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Ottawa city budget should put small businesses first

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Ottawa, December 11, 2019 – As the councillors at the City of Ottawa hold their final vote on the city budget today, the Canadian Federation of Independent Business (CFIB) is urging municipal policy makers to put Ottawa small businesses front and centre by focusing on three key areas: property taxes, red tape and construction mitigation.  

“We know that Canadians see small businesses as vital to their communities, and this is no different in Ottawa. Our local businesses are what makes neighbourhoods like Elgin, the Glebe, Manotick, and Hintonburg unique,” said Emilie Hayes, Senior Policy Analyst with CFIB. “This is why we’re asking the city to put in place policies that ensure that they can continue to thrive, keeping money and jobs in the community.” 

CFIB recommends the city adopt the following policies that support small business:

  • Implementing a comprehensive construction mitigation strategy that includes:
    • Having a single designated point of contact for business owners that relays information between city staff and contractors.  
    • Doing a full evaluation after the work is complete with business owners to take forward any lessons learned.
    • Providing financial compensation for businesses in cases of significant disruption.
  • Addressing the most pressing red tape irritants for businesses, including moving permit applications online and simplifying signage by-laws.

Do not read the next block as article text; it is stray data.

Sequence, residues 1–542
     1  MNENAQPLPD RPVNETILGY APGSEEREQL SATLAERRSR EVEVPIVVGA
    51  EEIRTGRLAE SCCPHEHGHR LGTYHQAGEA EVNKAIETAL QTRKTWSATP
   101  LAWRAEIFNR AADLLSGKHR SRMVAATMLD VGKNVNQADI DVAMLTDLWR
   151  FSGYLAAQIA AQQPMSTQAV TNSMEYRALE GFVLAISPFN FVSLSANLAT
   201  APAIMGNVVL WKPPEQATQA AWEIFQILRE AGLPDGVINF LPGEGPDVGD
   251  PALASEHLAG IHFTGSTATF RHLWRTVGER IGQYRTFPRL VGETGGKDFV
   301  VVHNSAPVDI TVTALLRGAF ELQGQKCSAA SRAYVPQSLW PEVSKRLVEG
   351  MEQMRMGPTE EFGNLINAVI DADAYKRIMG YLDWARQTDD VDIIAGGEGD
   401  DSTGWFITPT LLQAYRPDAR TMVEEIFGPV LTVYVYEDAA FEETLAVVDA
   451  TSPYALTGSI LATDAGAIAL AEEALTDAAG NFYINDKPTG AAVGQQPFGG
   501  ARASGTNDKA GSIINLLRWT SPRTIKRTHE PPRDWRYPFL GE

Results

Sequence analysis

• Reducing the property tax gap between residents and businesses, who pay more but receive fewer municipal services. 

“Financial compensation for disruptions caused by construction could include reducing certain fees small business have to pay or allowing business owners more flexibility and time to pay property taxes,” said Jasmin Guenette, Vice President of National Affairs with CFIB. “Eventually, the province should allow cities like Ottawa to give direct financial compensation to small businesses heavily impacted by infrastructure work. This is already being done in Montreal and soon in Quebec City.” 

With Elgin Street about to reopen on December 16, many CFIB members have reported negative impacts on their business of the extended construction. These issues could have been managed better through a comprehensive construction policy. 

“Business owners feel like disruption can be minimized with better planning and execution of projects, which at the end of the day will also benefits residents and taxpayers,” concluded Hayes

For media enquiries or interviews, please contact:
Milena Stanoeva, CFIB
647-464-2814
[email protected] 

About CFIB
The Canadian Federation of Independent Business (CFIB) is Canada’s largest association of small and medium-sized businesses with 110,000 members across every industry and region. CFIB is dedicated to increasing business owners’ chances of success by driving policy change at all levels of government, providing expert advice and tools, and negotiating exclusive savings. Learn more at cfib.ca.